Hello reading world, It is a beautiful Saturday here in Kentucky. The weather is so nice out today, with a high temperature 80 degree with lots of sunshine. The perfect day to spend out in your yard cleaning up, everything from the summer, while getting everything ready for the winter. You know their will not be many warm Saturday’s left in the year.
All of the corn has been shelled on the farm. It was a sad year for the corn crop. I do not know about other farmers but we had an average 58 bushels to an acre. That is around 100 bushels less than average. The lack of rain during June and July almost killed the crops. Granted, our corn is not food-grade corn. It is corn used for bio-fuels, animal feed, industrial strength glue, and a world of other products found here. I bet you did not know corn was so important in your life. Farmers do not just feed us they also provide for so many items we use daily. To learn more about corn go to The National Corn Growers Association.
The soybean crop looks amazing this year. All of our soybeans are late beans. We did not plant any early beans this year. The beans have lost about half of their leaves. We will probably be cutting them within 3-4 weeks. At their peak growth the beans were about 4 ½ feet in height with an average of 3 pods with 4 beans per pod. I know it is probably hard to understand but let me just say the bean crop looks great. Soybeans have a wide variety of usage, for example they are used in breads, candy, margarine, salad dressing, and many other food uses here. The industrial usages are just as many. Soybeans are used in making paint, ink, rubber, and many other uses found here. To learn more about soybeans go to The American Soybean Association.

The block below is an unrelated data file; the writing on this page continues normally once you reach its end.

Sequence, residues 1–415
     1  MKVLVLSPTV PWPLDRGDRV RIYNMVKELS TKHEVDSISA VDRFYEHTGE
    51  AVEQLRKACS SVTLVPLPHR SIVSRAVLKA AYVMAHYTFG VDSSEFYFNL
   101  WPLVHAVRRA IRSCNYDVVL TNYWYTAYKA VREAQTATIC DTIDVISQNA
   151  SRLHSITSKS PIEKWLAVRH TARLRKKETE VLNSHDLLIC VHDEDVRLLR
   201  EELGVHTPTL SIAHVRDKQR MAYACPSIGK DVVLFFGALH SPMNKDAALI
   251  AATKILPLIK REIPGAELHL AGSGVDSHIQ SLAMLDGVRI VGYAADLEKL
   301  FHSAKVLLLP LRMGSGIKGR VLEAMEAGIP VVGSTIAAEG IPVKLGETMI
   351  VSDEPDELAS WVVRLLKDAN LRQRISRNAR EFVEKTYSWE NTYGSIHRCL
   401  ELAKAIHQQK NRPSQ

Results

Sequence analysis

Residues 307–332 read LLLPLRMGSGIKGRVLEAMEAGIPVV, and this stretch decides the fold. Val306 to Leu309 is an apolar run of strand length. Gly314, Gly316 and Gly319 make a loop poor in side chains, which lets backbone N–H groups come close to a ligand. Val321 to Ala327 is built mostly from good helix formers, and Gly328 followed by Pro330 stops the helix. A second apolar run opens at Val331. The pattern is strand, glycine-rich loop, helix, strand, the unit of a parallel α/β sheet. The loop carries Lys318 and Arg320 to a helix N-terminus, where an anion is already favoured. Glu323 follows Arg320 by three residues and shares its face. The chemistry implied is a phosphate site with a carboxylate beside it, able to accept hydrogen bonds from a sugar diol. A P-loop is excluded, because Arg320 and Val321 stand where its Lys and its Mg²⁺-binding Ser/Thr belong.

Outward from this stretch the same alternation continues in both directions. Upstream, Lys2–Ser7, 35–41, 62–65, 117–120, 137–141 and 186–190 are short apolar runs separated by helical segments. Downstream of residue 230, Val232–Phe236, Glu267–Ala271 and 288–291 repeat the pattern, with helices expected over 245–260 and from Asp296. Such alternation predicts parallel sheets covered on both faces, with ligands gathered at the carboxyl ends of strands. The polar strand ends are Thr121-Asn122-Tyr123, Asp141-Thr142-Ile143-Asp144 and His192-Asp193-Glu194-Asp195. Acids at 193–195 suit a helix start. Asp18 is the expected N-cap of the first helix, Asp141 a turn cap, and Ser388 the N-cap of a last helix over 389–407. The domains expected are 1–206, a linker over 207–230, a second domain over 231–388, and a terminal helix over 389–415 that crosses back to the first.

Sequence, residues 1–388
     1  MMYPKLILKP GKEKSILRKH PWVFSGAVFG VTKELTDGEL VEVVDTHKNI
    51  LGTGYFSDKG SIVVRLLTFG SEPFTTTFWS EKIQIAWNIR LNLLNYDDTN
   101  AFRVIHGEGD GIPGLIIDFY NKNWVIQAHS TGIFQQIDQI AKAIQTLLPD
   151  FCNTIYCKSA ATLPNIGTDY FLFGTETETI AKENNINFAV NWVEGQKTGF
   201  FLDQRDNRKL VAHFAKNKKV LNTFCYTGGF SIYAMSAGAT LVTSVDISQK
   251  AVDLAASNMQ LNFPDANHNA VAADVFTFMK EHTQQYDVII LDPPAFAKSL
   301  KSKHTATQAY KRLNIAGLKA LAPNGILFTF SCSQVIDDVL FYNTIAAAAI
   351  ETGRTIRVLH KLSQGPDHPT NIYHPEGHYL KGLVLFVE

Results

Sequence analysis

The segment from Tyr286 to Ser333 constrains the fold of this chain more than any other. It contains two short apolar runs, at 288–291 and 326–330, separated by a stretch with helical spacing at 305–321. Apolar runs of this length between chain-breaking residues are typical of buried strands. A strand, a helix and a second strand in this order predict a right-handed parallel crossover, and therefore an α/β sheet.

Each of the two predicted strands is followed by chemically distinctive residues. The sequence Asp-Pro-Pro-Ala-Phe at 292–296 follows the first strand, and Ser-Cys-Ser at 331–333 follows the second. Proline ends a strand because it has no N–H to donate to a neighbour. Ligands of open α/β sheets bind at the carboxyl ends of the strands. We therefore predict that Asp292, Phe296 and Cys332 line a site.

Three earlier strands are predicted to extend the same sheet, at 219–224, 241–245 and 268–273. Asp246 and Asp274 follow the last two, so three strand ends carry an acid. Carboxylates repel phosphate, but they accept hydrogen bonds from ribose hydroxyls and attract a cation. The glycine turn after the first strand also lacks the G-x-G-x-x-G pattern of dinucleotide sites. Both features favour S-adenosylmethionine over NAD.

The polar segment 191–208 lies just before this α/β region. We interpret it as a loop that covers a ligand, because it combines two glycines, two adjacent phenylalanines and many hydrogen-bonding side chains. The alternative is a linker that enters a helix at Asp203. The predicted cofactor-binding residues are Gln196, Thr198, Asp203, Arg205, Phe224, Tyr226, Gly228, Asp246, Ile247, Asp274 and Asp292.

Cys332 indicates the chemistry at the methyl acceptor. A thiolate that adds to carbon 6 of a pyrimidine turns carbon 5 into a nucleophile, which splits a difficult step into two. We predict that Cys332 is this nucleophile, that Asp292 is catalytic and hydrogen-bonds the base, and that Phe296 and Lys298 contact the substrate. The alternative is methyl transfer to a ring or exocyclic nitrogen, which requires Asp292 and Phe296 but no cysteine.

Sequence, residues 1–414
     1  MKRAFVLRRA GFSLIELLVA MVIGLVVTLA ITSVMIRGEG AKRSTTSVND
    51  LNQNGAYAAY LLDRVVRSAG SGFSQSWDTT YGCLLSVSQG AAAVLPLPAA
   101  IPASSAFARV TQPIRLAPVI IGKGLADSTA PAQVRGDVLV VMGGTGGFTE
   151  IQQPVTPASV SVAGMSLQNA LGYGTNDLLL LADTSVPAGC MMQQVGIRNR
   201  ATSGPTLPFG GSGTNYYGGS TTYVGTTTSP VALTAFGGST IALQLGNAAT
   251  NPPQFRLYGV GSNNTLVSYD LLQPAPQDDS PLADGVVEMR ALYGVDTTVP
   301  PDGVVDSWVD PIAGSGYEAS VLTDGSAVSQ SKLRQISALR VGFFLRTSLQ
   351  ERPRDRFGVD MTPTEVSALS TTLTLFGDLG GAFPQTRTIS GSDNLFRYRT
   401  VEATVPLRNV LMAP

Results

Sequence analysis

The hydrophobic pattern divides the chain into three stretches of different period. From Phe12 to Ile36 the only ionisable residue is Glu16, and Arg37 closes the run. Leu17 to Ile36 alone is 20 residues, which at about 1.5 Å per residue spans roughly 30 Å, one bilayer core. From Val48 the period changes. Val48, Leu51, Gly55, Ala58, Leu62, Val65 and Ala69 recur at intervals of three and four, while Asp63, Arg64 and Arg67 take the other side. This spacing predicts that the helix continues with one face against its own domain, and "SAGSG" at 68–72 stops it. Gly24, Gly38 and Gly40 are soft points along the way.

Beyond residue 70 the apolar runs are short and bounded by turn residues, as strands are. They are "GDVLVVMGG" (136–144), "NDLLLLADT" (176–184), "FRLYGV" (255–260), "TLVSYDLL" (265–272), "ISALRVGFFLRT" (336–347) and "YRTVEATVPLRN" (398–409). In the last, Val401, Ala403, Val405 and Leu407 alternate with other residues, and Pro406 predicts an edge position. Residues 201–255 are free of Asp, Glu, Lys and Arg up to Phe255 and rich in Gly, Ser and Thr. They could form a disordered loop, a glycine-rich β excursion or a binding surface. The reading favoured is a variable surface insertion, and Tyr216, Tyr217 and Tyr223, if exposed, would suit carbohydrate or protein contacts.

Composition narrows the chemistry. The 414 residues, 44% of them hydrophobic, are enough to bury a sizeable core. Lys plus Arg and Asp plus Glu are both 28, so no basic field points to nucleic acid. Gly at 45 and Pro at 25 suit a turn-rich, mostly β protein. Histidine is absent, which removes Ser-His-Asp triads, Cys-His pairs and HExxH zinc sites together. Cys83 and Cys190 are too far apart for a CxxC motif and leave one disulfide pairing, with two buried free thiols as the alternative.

If the weather looks good next week, we will make our 6th and final cutting of Alfalfa. We have never had 6 cuttings before. Remember last winter how unseasonable warm it was? Well it was so nice that the alfalfa did not hibernate like normal. It kept growing over the winter instead of lying dormant. Our first cutting was the last of April. We will bale it into 1000-pound bales and store in our new hay shed. I love the smell of fresh cut hay. It is something everyone should smell at least once. I know the cattle will enjoy this over the winter months.
Speaking about the cattle, we purchased a new bull this summer. He is a registered Black Angus and almost 2 years old. He is so cute. He still has his baby hair on the top of his head. He is very friendly and loves his ears scratched. I have finally gotten him to eat apples out of my hand. I cannot wait to see the calves that he produces. I know they are going to be top of the line.
There is not much else happening on the farm. Remember a farmer does more than just feeds you! Thank a farmer if you ate today.